Downtown Vancouver office vacancy rises sharply in final quarter of 2022 but remains lowest in Canada: report

CBRE chalks up much of Vancouver's rising rate to two new buildings that aren't fully leased.

Vancouver office vacancy

Credit: The new Stack development in Coal Harbour represents a large amount of office space that hasn’t yet been leased

CBRE chalks up much of Vancouver’s rising rate to two new buildings that aren’t fully leased

The national office market saved its worst for last in reporting its weakest quarter in the final one of 2022, according to a report from global real estate firm CBRE. After the pandemic initially cratered the market for years, some hope was starting to emerge, particularly after a 2022 third quarter in which overall office vacancy decreased to 16.4 percent—a first since the onset of the pandemic.  

Alas, it was not to be. CBRE reported today that the national office vacancy percentage took a turn back up to 17.1 percent. That carried with it a whopping negative 2.1 million sq. ft. of net absorption.  

Vancouver wasn’t immune to those rises as the city’s downtown saw a per quarter increase of more than 2 percent, all the way up to 9.8 percent. It was a bit of a different story in Metro Vancouver as a whole though, which came in at 5.8 percent.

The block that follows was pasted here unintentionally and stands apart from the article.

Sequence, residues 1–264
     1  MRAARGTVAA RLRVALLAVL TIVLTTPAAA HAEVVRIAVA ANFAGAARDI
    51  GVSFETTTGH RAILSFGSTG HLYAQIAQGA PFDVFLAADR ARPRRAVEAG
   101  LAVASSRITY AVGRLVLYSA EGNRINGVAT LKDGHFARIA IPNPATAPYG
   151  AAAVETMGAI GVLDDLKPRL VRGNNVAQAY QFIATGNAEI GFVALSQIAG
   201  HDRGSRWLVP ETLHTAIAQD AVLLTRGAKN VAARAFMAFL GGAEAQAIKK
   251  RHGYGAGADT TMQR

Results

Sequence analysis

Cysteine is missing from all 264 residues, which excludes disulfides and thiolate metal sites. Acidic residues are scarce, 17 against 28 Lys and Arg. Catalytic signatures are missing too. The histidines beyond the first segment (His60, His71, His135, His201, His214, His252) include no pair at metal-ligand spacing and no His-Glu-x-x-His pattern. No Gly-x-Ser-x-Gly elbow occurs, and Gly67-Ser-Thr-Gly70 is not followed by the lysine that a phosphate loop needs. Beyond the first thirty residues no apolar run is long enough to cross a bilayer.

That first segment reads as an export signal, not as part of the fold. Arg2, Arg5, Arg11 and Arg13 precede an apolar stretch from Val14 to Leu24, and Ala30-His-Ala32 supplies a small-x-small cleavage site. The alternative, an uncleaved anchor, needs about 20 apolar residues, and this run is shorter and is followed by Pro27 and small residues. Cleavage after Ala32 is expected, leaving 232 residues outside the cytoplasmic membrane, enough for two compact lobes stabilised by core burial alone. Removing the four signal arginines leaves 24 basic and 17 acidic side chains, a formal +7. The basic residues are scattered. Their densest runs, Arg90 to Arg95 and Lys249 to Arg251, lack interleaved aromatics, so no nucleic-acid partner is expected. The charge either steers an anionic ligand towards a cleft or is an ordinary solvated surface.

In the always packed Vancouver industrial market, vacant space actually rose up to 1.2 percent, something that CBRE calls a “welcome change.”  

The company also has a viable explanation for why the downtown’s vacancy supply has increased so much, as two large developments recently hit the market in The Stack and Vancouver Centre II, both of which aren’t yet fully leased. According to the report, an additional 1.9 million square feet is expected to hit downtown next year, but over 90 percent of it is pre-leased.  

In any case, Vancouver’s struggles post-pandemic are nothing compared to the rest of the country. Overall, Calgary is dealing with 30-percent office vacancy, the highest of the cities studied. Toronto (16.2 percent) and Montreal (17 percent) are still far behind Vancouver’s 7.8 percent, while Ottawa is the next closest at 11.1 percent.